For data analysis, Chi-square, Mann-Whitney U test, and Spearman’s correlation coefficient were performed, using SPSS version 16. Moreover, descriptive statistics, absolute and relative frequency, and mean and standard deviation were calculated.
The subjects were within the age range of 18-35 years (26±4.67 years) and gestational age of 36-41 weeks (37± 1.28) (Table 1). In total, 77 women (77%) were housewives and 43 (43%)
Table 1.Demographic characteristics of participants in the study
Minimum literacy (reading and writing)
Primary level education
Junior high education
High school diploma
Husband’s educational level
Minimum literacy (reading and writing)
Primary level education
Junior high education
High school diploma
Husband’s occupational status
Breastfeeding training after delivery
Mode of delivery
Normal vaginal delivery
Emergency cesarean section
Elective cesarean section
First lactation after delivery
Immediately after delivery
Less than 2 hours
More than 2 hours
First skin contact after delivery Number(percentage)
Not at all
Interest in children
Not at all
Table 2.Demographic characteristics of participants in the study
had high school diploma (or higher) (Table 1). Mean body mass index (BMI) before pregnancy was 25.22+-1.85 kg/m2. As the results showed, 56% of participants had normal delivery (Tables 1 & 2). Other demographic data are presented in Tables 1 & 2. Correlation of describive characteristics associated with total score of mother-infant attachment behaviors in 4 and 8 weeks after birth are presented in Tables 3 & 4 and results of mother-infant attachment behavior in the influentional variables are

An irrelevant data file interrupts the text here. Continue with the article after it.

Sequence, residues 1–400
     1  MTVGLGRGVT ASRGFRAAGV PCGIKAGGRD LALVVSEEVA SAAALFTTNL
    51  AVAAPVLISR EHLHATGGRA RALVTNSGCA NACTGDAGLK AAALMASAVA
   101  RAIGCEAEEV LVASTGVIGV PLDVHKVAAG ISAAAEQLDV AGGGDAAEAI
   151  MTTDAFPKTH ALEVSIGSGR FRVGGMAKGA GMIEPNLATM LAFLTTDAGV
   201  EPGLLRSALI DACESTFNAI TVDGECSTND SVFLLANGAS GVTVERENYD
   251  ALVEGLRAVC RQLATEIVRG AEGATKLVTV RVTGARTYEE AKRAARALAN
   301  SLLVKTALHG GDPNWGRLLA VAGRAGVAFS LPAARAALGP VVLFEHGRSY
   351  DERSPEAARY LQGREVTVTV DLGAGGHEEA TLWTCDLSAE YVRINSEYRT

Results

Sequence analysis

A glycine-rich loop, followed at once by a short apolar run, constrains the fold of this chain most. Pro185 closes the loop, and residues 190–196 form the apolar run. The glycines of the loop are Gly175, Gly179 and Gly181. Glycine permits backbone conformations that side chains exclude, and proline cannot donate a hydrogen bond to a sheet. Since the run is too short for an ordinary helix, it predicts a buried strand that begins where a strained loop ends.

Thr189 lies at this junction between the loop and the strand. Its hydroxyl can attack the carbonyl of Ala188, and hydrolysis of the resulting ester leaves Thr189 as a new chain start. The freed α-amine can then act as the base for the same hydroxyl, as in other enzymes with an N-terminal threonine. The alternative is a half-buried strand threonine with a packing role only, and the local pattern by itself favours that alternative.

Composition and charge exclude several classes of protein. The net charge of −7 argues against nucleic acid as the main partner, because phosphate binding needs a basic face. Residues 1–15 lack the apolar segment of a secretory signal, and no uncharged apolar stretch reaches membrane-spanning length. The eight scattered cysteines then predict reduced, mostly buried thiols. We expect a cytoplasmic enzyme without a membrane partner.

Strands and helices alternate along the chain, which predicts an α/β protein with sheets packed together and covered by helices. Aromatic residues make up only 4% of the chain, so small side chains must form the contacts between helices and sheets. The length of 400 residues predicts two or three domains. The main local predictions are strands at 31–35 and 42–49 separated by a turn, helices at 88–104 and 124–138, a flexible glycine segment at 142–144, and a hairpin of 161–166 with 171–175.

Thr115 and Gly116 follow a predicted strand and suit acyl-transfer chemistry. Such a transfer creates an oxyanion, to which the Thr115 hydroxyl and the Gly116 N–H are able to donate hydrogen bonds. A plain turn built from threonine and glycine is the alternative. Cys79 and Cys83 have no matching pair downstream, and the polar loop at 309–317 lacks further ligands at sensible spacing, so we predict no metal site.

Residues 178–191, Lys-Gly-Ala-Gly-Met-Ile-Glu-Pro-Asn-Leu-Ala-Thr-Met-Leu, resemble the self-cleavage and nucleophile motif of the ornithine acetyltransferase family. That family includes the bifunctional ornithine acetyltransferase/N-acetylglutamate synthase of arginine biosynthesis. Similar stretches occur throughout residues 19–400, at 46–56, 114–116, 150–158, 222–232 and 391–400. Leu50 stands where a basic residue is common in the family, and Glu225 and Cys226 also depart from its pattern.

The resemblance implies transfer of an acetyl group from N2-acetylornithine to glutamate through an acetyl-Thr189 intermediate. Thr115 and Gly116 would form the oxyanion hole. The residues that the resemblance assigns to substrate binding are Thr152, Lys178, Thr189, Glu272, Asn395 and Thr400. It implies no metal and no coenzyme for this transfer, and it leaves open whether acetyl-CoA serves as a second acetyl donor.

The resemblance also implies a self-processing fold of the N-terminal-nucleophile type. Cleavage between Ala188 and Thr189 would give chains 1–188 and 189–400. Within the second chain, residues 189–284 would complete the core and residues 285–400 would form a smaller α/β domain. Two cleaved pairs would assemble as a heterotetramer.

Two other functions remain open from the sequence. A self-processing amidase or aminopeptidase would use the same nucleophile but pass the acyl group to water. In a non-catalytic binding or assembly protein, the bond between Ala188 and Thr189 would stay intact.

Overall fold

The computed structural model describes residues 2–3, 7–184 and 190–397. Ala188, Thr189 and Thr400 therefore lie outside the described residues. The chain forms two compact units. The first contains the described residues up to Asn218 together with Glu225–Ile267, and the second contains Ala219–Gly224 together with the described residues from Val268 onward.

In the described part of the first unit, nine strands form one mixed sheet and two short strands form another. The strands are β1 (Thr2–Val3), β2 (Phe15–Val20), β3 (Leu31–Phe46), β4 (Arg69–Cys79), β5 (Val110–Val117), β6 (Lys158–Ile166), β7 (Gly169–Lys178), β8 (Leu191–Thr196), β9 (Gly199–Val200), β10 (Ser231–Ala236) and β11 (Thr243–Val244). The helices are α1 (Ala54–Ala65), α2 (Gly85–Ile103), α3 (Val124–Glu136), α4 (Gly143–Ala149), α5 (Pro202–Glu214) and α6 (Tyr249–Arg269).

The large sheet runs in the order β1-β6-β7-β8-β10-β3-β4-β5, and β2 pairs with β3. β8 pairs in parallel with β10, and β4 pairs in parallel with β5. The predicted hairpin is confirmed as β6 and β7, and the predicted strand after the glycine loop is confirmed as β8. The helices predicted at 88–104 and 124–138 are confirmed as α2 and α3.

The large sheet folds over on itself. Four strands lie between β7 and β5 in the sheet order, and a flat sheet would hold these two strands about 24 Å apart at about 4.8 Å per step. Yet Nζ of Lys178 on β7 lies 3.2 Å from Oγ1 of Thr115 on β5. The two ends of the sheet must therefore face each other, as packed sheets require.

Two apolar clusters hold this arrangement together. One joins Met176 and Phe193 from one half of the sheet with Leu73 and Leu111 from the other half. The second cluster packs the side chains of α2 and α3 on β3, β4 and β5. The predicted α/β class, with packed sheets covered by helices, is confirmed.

Table 3. Correlation coefficients for descriptive characteristics associated with the total score of mother-infant attachment behaviors four and eight weeks after birth
Mother-infant attachment behaviors
after 4 weeks
Mother-infant attachment behaviors
after 8 weeks
Mode of delivery
First lactation after delivery
Table 4. Correlation coefficients for descriptive characteristics associated with the total score of mother-infant attachment behaviors four and eight weeks after childbirth
Mother-infant attachment behaviors 4 weeks after delivery (Mean±SD)
Mother-infant attachment behaviors 8 weeks after delivery (Mean±SD)
Table5. The results of regression model based on mother-infant attachment behaviors in the presence of effective variables
Attachment four weeks after delivery (P-value)
Attachment eight weeks after delivery (P-value)
Interest in children
presented in Table 5 .The results of Spearman’s correlation coefficient showed a direct positive association between maternal-fetal attachment and emotional and proximity behaviors in mother-infant bonding four and eight weeks after delivery (P<0.001) (Table 6). In fact, stronger maternal-fetal attachment was associated with more emotional and proximity behaviors. However, no significant relationship was found between maternal-fetal attachment and mother-infant caring behaviors at week 4) (Table 6).